> condition: A cpp's "primary" header should come first.  This insures that the
> primary header includes everything it needs to compile.  That is, we don't
> want AvailableMemoryTracker.h to rely on always being included after one of the
> headers above.

I see, it makes sense, I've adjusted it.

> Maybe call this JemallocFreeDirtyPagesRunnable(), since that's what it
> actually does? Alternatively, you could make your observer implement nsIRunnable.

I've created a separate runnable in the patch but yes, if we want to shrink it further I can just fold it MemoryPressureWatcher.

> Can you move this into the anonymous namespace?

Yup, done.

> Do you need to define these at all?

No, actually not, I've removed them.

> Also, I'm sure @c is some javadoc convention, but we don't seem to use it,
> so you probably shouldn't either.  (When in doubt, |git grep '\<@c'|.)

It's the <code></code> tag in javadoc but I've taken it out just in case. If the patch looks good to you I'll push it to try and when the results are in we can commit it.
Comment 85 Justin Lebar (not reading bugmail) 2012-11-12 08:56:05 PST
> It's the <code></code> tag in javadoc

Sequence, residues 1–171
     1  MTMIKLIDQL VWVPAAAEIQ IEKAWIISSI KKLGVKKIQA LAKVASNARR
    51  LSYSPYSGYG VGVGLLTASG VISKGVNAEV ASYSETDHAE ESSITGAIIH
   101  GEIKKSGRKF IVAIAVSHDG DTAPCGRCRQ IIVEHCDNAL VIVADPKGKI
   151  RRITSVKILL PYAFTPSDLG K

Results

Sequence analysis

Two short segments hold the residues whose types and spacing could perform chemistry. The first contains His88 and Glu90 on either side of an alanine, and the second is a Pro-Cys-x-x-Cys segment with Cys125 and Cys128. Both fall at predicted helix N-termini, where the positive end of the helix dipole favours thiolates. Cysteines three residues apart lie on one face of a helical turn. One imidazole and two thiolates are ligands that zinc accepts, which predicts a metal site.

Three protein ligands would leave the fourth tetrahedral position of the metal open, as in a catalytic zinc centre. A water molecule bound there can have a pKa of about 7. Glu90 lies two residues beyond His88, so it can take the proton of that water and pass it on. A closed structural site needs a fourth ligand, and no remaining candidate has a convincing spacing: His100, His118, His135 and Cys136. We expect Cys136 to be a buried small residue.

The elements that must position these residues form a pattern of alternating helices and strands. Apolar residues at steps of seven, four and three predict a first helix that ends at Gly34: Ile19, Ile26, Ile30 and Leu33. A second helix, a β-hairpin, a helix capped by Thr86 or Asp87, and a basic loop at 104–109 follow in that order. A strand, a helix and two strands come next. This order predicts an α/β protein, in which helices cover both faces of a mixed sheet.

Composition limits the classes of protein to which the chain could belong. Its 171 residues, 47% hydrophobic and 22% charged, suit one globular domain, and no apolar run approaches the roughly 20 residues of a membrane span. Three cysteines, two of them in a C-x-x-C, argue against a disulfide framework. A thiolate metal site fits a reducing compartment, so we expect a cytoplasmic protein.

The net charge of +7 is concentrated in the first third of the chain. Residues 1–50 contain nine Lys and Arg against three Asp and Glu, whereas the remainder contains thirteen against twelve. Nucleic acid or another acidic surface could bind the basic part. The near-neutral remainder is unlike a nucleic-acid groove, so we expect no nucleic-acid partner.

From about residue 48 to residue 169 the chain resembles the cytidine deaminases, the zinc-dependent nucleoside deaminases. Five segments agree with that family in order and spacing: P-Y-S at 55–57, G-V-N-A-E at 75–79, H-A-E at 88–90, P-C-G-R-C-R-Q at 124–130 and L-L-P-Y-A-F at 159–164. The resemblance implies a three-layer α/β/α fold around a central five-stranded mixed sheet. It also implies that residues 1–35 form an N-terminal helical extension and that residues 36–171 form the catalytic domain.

FWIW, javadoc in Gecko is a stylistic convention -- I don't know of anyone who actually uses the javadoc tool to generate documentation.

Looks good to me.
Comment 86 Gabriele Svelto [:gsvelto] 2012-11-12 13:40:00 PST
(In reply to Justin Lebar [:jlebar] from comment #85)
> FWIW, javadoc in Gecko is a stylistic convention -- I don't know of anyone
> who actually uses the javadoc tool to generate documentation.

I see... well there are tools like doxygen that extract Javadoc-like documentation from C++ sources so I thought it might be something like that.

> Looks good to me.

Pushed to try: https://tbpl.mozilla.org/?tree=Try&rev=b7ecd4cd7710

I'll set the checkin-needed flag once the results are in.
Comment 87 Mozilla RelEng Bot 2012-11-12 17:45:37 PST
Try run for b7ecd4cd7710 is complete.
Detailed breakdown of the results available here:
    https://tbpl.mozilla.org/?tree=Try&rev=b7ecd4cd7710
Results (out of 18 total builds):
    success: 16
    failure: 2
Builds (or logs if builds failed) available at:
http://ftp.mozilla.org/pub/mozilla.org/firefox/try-builds/gsvelto@mozilla.com-b7ecd4cd7710
Comment 88 Gabriele Svelto [:gsvelto] 2012-11-13 08:49:32 PST